Beware the desperate agent looking for a quick sale

The conditions in the SA residential property market, warns Tony Clarke, MD of Rawson Properties, have made some of the less successful agents desperate – and this, he says, can be dangerous for sellers.

Clarke said that he is now regularly approached for advice from property sellers who accuse their agents of acting unethically. (Fortunately, he added, these complaints almost never relate to agents in the Rawson Group.)

“A situation which, it appears, is now cropping up regularly, “he said, “is that the agent undervalues the home to achieve a quick sale so that he can collect his commission. Some agents are now desperate and will resort to this tactic to get hold of much needed earnings.”

In one case, said Clarke, the agent compounded the crime by bringing down the price radically and then selling it to a relative.

In the circumstances, said Clarke, sellers would be well advised to go through a preliminary question list with a prospective agent.

“They should be asked whether they have passed the new NQF examinations, what their track record has been over the past year and what market research they can produce to justify their valuations.”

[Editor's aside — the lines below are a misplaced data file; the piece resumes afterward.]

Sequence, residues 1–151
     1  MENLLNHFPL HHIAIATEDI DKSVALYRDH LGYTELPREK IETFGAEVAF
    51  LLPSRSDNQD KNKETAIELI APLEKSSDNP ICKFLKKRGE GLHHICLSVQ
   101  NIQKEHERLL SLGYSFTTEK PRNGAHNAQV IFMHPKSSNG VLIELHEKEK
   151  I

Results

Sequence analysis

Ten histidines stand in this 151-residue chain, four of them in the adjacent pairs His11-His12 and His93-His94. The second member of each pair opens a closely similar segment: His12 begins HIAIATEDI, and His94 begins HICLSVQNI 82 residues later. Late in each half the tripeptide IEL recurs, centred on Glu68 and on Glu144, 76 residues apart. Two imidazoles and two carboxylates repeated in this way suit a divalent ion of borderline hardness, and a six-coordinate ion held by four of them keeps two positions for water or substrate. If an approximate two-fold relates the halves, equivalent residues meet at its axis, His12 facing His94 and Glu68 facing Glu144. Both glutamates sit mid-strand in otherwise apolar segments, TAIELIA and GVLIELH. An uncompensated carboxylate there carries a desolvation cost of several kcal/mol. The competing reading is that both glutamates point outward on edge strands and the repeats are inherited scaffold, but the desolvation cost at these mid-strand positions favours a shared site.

“The buyer should also insist in getting the agent’s latest sales-to-listing ratio and a separate report on how the price achieved compared to the listed price.” These two reports, said Clarke, will show just how professional the agent is – or is not.

He added that if there is any private connection between the agent and the buyer or seller this should be revealed to all involved in the deal.

Above all, he said, do try and work with an agent from a branded, reputable company, which has a reputation to maintain. The big advantage of this, he said, is that there is always someone in a more senior position to whom you can appeal.

Finally, Clarke advised buyers and sellers to avoid the bullying agent at all costs – the one who tries to reach his goals by bulldozing clients.

“This type of agent will time and again leave a disappointed client behind him. It requires tact and empathy to handle so personal a matter as the sale of a family’s home. Agents have a duty to put their client’s interests first and to enhance the reputation of the profession by being sympathetic.”

In an earlier statement, Clarke has said that he expects the number of agents in SA to drop by 50% as a result of the examinations which are now obligatory and the current slower sales tempo – but he has also said he expects a revival to become evident from about midway through 2009.

Article by: www.rawsonproperties.com